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January 28, 2000

January 28, 2000

The Hockey News has been providing the most comprehensive coverage of the world of hockey since 1947. In each issue, you'll find news, features and opinions about the NHL and leagues across North America and the world.

NHL TEAMS

Once offered for trade, Bonk on top of world

Not long ago Radek Bonk was considered one of the Ottawa Senators’ biggest mistakes. Today, he’s one of their biggest stars. While the 6-foot-3, 210-pound center has been through a lot during his first five years in the league, Bonk finally arrived when he was chosen to the play in the NHL All-Star Game Feb. 6 in Toronto. Bonk, who turned 24 Jan. 8, is the lone Senators’ player selected to suit up for the World All-Star team. “I’m just honored,” said a surprised Bonk. “It’s everybody’s dream to get a chance to play in that game and it means a lot to me.” The Senators’ leading scorer with 12 goals and 34 points in 42 games, Bonk has come a long way from being trade bait two years ago. With star center Alexei Yashin…

LEAGUES

Badger rookie Heatley happy with CSB rating

Dany Heatley’s reaction was perhaps typical for an 18-year-old. The standout freshman right winger at Wisconsin was informed that he is the top-rated skater in North America eligible for the 2000 NHL draft, according to die Central Scouting Bureau's midseason report So he promptly adjourned to the dressing room and hooked up with teammate Andy Wheeler for some ping-pong. Do not be fooled, though. The CSB ranking, which comes out again in the spring, is used by every NHL team to assess talent. To be so highly regarded is a big deal to Heatley, who is the first U.S. college player to receive the No. 1 rating at mid-season. Tm pretty happy about it,” he said. Heatley, 6-foot-3 and 185 pounds, led the Western Collegiate Hockey Association with 16 goals and ranked third with…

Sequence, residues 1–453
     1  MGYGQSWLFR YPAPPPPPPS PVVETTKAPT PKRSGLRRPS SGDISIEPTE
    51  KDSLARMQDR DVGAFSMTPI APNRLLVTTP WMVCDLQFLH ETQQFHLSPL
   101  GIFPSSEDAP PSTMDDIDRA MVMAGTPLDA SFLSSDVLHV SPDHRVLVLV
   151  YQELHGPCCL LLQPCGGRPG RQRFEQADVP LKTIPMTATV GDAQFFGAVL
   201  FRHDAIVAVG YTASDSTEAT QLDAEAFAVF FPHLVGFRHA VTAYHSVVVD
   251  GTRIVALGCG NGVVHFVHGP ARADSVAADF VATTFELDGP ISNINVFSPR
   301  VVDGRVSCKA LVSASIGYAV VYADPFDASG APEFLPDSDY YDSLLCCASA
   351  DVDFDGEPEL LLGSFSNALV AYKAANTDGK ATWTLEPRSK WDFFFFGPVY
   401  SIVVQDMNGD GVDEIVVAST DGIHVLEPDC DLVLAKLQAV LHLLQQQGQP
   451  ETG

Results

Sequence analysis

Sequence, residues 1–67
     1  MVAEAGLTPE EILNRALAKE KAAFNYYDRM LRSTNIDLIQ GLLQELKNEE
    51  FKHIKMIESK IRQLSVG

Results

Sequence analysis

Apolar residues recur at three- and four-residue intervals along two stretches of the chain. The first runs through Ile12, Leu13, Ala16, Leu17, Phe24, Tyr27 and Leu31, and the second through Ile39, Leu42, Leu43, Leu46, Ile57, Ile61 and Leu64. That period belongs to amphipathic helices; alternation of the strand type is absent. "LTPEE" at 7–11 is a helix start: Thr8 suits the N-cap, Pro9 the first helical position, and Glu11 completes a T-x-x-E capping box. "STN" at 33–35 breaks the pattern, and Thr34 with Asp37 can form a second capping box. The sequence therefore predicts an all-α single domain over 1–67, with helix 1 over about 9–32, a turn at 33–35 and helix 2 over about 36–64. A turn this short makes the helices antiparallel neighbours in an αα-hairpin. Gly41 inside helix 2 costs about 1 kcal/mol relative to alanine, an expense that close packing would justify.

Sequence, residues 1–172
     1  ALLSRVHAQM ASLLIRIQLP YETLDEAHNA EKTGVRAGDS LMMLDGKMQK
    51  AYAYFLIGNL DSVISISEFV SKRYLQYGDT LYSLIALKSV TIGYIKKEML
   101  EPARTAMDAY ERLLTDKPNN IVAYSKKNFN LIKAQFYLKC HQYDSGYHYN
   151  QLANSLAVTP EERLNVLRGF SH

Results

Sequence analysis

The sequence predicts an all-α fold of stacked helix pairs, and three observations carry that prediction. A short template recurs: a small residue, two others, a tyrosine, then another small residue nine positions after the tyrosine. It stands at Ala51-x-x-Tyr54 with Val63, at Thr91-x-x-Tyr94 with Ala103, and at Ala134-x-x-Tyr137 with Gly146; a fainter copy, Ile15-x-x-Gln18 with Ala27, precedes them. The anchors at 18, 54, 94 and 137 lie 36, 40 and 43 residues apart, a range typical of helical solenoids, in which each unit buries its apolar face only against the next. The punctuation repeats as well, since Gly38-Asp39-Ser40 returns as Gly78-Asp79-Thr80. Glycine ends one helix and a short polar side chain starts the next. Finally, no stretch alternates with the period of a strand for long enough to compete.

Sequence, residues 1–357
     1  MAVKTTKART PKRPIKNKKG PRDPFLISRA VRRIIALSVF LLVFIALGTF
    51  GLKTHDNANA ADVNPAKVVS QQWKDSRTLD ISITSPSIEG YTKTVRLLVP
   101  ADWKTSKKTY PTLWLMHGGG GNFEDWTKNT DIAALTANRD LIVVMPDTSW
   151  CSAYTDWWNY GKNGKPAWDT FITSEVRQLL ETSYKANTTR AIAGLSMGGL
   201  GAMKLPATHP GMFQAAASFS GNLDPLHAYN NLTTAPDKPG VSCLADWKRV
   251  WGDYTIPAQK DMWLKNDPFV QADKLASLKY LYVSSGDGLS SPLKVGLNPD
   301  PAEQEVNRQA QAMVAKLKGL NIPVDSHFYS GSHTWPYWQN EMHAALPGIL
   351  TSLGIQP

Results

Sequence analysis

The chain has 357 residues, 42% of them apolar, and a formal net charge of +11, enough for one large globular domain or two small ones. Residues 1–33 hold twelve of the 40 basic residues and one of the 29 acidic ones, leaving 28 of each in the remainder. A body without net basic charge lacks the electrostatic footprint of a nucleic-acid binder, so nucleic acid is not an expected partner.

NHL TEAMS

Ducks desperately hoping power play will take off

The power play continues to be an albatross around the Mighty Ducks’ necks. The NHL’s most productive man-advantage unit last season has been one of the league’s worst this year. Through their first 43 games, Anaheim had just 17 power play goals. Only the New York Islanders, with 16, had fewer. “If you don’t have a good power play or at least an average power play, you’re not going to win many games,” said Ducks’ captain Paul Kariya. After averaging a power play goal a game last season-83 in 82 games–the drop-off has been dramatic for the Ducks’ offense. Anaheim has devoted practices to the power play and has tried to revive it with personnel adjustments. First-year defenseman Niclas Havelid has seen time at the point-with Kariya-on the top unit and forwards Jim McKenzie…

COLUMNS

Some incentives work better than others

For every game in which Kirk Muller plays 10 minutes, he gets $3,000. After the 10th minute, the meter strapped to his chest gets turned off, but like at the airport there is an additional flat fee to go into comers and a surcharge for additional passengers like Chris Murray. NHL teams have long paid their players by the goal, by the assist, by the trophy. Then came the World Hockey Association, which introduced the concept of paying guys just to go away. Now there isn’t a day that goes by that an owner doesn’t give thanks for the father of fine print: Gary Lupul. It is believed the first bonus was paid to Dollard St. Laurent, a tradition that has been extended into the palms of several generations of players such…